IN THE RADICAL PRESS / controlacrisi.org
Interview with Valerio Marletta
He took office in Palagonia on May 23, the province of Catania, Sicily. Valerio Marletta is the town’s first communist mayor. A member of the Young Communists, Marletta has a track record in the movement, campaigning on social issues and in the battle against the mafia with an focus on active citizenship and expanding democratic participation. He faces a difficult path, but the desire for change that reigns today in his town is strong and shared.
I met Valerio Marletta a few years ago, in Catania, at a number of anti-racism initiatives. A young Communist, one of the many generous friends in this world, always in the forefront, always ready to fight on the side of the most disadvantaged. Now the mayor of his native Palagonia, a town of 17,000 souls, he knows that change is possible and much more at hand than was possible to imagine. Backed by a civic electoral list supported by Communist Refoundation party and Italy of Values party, Valerio reached the second round in the mayoral elections and then swept to victory, with over 73% of the vote. How did he manage it?
‘What we did is the result of ten years work with comrades in the local party branch. A job that has now matured thanks to increased awareness of the people. For generations we have been governed by a family whose last scion, Fausto Fagone, is involved in the same trial for mafia links that sees among the defendants President Raffaele Lombardo, President of the Siciliy region. Communist Refoundation, and especially the young Communists, were able to make a qualitative leap.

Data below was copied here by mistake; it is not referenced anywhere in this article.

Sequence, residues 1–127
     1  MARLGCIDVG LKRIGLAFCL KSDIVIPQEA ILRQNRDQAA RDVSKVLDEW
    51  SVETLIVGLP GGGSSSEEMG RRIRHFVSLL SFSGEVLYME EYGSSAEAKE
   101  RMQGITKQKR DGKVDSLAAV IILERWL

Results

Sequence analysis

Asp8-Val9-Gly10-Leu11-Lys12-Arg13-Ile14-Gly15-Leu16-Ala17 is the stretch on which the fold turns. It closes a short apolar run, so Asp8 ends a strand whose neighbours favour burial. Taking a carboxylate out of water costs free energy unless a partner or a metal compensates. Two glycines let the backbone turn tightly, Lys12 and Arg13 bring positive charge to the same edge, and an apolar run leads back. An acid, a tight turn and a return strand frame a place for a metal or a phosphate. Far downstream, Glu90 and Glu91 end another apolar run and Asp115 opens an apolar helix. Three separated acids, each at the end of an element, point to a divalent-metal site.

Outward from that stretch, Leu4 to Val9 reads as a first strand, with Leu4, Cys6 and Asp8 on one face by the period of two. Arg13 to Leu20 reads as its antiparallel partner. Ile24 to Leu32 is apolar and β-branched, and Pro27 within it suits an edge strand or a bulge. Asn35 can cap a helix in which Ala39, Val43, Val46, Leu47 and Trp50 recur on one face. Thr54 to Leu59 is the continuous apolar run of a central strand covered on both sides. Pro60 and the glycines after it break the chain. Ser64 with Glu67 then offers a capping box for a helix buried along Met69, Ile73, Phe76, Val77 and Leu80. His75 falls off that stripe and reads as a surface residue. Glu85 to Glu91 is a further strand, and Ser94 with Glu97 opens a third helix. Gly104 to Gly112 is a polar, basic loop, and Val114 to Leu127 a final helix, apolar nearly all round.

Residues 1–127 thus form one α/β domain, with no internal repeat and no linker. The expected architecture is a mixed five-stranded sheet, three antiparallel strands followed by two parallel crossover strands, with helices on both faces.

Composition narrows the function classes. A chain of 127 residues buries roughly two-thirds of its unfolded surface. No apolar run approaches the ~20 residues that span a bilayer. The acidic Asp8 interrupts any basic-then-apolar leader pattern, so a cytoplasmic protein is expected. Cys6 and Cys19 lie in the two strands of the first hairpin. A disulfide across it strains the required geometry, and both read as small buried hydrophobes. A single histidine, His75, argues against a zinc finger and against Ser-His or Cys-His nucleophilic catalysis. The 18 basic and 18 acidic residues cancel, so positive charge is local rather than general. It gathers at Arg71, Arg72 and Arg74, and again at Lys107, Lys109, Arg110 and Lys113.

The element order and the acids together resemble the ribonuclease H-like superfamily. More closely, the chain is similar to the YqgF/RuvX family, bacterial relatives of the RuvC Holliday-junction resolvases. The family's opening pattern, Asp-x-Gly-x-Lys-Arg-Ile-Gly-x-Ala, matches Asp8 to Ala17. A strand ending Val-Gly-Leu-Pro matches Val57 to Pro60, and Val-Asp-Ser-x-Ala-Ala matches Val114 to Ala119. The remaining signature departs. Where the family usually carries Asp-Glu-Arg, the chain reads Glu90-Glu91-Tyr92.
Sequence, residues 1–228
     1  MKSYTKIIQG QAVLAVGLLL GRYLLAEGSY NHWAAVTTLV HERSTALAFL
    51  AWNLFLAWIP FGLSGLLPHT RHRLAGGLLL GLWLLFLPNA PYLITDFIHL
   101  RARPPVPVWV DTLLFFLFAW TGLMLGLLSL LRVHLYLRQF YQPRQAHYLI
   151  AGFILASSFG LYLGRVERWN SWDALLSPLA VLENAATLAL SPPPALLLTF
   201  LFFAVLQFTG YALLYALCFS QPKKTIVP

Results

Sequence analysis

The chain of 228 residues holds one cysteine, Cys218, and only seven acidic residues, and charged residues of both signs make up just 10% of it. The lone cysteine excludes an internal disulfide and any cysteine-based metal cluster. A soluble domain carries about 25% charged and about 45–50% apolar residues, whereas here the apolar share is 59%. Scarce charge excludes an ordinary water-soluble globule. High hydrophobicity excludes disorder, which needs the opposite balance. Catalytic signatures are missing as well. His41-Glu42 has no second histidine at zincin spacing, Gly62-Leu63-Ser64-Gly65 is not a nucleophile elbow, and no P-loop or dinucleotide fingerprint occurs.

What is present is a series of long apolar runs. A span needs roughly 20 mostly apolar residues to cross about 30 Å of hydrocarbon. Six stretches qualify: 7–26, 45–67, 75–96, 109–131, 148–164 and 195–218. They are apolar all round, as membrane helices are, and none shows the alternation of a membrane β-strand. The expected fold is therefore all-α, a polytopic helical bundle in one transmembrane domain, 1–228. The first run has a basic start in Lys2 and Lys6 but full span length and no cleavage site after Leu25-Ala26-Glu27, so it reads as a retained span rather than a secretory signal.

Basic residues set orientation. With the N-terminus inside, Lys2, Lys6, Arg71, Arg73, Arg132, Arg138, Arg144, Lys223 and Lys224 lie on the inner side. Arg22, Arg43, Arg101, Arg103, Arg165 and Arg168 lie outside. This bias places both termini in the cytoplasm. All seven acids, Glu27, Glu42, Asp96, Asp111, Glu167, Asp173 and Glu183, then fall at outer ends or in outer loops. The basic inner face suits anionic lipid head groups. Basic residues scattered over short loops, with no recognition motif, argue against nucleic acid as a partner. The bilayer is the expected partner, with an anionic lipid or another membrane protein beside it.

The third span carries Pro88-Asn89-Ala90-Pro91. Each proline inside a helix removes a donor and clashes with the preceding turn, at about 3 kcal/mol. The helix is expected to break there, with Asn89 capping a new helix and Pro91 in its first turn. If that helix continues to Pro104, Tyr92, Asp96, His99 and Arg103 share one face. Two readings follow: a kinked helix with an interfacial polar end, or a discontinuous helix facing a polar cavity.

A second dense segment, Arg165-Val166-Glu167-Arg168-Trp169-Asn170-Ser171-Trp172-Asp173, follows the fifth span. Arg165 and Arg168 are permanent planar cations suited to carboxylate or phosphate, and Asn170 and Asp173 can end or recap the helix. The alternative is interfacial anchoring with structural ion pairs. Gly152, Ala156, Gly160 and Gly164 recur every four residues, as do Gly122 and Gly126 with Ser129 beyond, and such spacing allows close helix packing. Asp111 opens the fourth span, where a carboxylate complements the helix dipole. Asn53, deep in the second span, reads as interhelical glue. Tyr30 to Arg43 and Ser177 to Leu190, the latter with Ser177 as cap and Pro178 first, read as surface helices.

A couple of days after the arrests we went out into the streets and denounced links between the Mafia and [public] contracts, and we ended up with more and more people filling the squares. Since I joined the provincial council in 2008, every 3 months we have been organising a gathering in the centre square of Palagonia.
In this election we offered people an alternative project to both main political coalitions and have been rewarded for our radicalism. We brought down a cross party power bloc here. The [centre left] Democrats did not rule but were allied with [Silvio Berlusconi’s] People of Freedom party, well before the [Mario] Monti government. We found a willingness [among people] to participate and were able to expel an entire ruling class. Only two of the councillors from the last administration remain. Even before the mayor resigned, together with our comrade [Pierpaolo] Montalto [provincial secretary of Communist Refoundation] we presented a request for the dissolution of the council on grounds of Mafia infiltration.’
You aim to represent a break with the past. How would you characterize this?
‘I lived for 12 years in Catania, where we developed a cultural and political history which started with Genoa [ protests] and arrived at Palagonia through the Communist Refoundation party of which today there is a clear need. So we have built an open list where there were only 5 members of Communist Refoundation out of 20. We were the main force behind the mayor but we kept an open and inclusive list”
And the programme?